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Hagerty Employee

We fell out of love but I'll stick with my Mini Marcos to the bitter end

There are days when the decision to blind-buy a barn find still haunts me. When, in what might be interpreted loosely as moments of clarity, I wonder why someone whose mechanical skills stretch barely as far as changing a tire decided that rebuilding an obscure and neglected 50-year old British sports car was a good idea.

I encourage you to get it street legal (if that is possible) as that first drive is a keystone moment, whether the car is truly ready/finished or not. If not get it on a track, even if it is a "tour lap" type of thing. Otherwise this is just a long-distance dating relationship.

Absence makes the heart grow colder with project cars or collector cars. My Mustang languishes in winter storage more than half the year due to our climate. A few years ago I had a stretch of years barely be able to use it compounding that distance between us and I was considering moving it on.

Then I drove it on a country road and remembered. It's not finished, not nice enough for many people but it is mine and it has taken much to get it onto that country road. Doing what it was for is important (even if a person really enjoys all stages of restoration).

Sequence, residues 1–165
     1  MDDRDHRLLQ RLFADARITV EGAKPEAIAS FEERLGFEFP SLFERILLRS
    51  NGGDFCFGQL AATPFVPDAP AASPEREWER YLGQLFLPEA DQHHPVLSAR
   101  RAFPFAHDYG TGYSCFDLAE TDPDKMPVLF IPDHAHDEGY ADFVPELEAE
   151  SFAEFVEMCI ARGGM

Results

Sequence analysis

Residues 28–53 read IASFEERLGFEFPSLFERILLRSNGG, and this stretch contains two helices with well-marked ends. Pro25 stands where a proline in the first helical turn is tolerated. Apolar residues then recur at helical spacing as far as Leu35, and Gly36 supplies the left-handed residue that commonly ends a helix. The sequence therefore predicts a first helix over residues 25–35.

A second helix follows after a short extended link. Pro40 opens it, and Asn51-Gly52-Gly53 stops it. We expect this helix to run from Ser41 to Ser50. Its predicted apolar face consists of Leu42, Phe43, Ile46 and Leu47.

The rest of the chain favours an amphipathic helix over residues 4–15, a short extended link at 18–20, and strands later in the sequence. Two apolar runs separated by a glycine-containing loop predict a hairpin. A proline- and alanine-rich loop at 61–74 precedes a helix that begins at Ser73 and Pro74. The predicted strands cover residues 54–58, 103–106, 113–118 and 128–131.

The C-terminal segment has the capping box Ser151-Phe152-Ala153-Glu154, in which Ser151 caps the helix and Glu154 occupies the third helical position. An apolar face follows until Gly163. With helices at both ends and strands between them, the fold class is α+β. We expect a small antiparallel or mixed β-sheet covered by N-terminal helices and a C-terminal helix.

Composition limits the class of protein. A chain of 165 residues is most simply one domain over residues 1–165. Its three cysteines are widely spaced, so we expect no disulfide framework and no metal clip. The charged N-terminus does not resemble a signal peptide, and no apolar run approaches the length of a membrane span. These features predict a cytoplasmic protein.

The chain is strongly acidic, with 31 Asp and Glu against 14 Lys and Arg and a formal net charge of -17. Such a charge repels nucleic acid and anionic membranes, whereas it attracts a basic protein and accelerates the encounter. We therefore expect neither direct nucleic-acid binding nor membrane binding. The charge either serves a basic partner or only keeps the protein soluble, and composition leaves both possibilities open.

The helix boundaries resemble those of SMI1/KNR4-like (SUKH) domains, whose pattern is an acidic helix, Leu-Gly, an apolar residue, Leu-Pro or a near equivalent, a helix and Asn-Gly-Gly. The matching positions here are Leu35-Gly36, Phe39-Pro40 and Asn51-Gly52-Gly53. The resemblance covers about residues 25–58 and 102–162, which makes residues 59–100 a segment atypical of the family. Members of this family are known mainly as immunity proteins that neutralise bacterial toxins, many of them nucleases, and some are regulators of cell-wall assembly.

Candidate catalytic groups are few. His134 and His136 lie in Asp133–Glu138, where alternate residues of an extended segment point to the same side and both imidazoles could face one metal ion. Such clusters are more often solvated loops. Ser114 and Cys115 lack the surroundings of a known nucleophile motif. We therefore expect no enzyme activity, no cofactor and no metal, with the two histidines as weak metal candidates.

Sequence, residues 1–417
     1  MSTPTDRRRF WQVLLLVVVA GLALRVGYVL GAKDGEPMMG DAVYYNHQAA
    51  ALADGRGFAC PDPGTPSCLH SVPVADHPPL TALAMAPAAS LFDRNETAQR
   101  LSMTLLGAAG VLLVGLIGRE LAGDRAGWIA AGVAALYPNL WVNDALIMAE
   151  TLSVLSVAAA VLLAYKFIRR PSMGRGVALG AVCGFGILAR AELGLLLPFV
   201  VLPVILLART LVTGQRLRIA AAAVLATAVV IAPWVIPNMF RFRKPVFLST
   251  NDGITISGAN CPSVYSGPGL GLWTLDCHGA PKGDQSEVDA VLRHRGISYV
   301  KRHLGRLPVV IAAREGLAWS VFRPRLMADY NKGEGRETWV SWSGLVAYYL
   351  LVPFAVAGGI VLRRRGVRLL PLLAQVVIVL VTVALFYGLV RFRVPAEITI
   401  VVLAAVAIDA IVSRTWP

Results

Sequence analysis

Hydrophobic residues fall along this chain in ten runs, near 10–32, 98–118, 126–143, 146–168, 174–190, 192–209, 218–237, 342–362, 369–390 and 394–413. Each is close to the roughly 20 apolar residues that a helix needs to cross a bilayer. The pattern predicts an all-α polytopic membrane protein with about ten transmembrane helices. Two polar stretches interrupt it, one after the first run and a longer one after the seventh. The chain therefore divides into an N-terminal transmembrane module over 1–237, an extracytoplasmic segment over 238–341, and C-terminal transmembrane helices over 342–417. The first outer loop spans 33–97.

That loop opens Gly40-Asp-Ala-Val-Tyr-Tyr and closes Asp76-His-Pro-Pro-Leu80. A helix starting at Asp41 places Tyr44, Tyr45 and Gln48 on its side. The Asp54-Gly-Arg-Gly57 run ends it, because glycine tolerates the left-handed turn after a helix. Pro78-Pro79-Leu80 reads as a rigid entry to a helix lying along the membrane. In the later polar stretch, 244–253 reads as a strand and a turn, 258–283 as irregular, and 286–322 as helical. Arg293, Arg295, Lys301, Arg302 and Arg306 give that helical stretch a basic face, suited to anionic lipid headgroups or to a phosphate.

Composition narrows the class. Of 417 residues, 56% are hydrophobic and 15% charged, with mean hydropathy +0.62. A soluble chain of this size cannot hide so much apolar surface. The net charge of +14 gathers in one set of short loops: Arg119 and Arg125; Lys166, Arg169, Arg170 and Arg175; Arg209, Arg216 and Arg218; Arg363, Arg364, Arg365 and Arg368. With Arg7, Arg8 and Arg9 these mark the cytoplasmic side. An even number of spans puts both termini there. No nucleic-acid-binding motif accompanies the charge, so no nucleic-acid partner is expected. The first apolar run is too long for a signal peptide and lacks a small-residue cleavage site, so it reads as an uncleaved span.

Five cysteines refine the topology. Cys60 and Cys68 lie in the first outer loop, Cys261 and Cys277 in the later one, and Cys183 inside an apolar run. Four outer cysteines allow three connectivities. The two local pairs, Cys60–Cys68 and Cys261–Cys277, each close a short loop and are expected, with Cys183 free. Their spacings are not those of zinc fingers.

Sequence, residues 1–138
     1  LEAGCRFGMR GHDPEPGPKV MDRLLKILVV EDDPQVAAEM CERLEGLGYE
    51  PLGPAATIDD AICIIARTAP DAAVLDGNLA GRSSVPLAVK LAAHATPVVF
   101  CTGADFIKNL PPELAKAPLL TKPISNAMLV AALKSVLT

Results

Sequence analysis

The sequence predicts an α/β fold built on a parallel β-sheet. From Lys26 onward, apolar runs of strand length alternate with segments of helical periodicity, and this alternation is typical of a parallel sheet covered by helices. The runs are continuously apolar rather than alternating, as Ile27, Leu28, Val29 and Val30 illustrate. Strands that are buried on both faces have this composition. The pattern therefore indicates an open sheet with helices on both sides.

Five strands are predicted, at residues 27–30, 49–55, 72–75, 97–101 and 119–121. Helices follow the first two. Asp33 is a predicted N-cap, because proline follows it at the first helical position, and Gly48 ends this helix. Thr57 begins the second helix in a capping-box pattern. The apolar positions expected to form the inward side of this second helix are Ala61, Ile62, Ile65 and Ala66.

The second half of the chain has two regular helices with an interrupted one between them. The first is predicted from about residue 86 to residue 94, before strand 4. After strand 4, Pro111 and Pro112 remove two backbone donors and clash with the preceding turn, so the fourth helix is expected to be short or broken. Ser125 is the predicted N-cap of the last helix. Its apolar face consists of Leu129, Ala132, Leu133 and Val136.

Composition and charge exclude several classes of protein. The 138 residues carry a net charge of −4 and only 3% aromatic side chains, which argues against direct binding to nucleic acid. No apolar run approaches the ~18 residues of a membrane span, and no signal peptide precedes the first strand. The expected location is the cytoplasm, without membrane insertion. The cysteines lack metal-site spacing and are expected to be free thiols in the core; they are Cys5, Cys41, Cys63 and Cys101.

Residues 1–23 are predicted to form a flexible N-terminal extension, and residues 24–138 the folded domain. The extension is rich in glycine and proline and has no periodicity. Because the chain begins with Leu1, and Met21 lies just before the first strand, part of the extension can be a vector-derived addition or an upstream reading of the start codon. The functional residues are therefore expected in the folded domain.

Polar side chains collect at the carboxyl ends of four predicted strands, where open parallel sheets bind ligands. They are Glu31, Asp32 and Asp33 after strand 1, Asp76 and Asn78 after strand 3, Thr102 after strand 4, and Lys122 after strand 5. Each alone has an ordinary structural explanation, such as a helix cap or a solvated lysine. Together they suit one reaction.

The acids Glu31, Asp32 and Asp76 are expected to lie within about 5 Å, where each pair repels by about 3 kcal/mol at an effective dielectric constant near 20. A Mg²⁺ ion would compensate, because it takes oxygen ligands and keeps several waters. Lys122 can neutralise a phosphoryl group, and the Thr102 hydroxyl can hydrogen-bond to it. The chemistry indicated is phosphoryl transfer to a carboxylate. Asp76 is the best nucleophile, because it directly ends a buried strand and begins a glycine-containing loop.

Intermediate Driver

I hadn't heard the term "manky" before but it deffinetly describes the smell of the carpet in some of the old British sports cars I've owned. At least you got the seating situation resolved so now you can sit in it and listen to music.
Pit Crew

I fell in love with the Mini Marcos watching Andy Barton fling his through the esses at Ingliston in the 1960's. I think it would be kinder to describe the shape as "distinctive". And don't forget that one of these cars made it to Le Mans. I sure hope this one sees the light of day soon.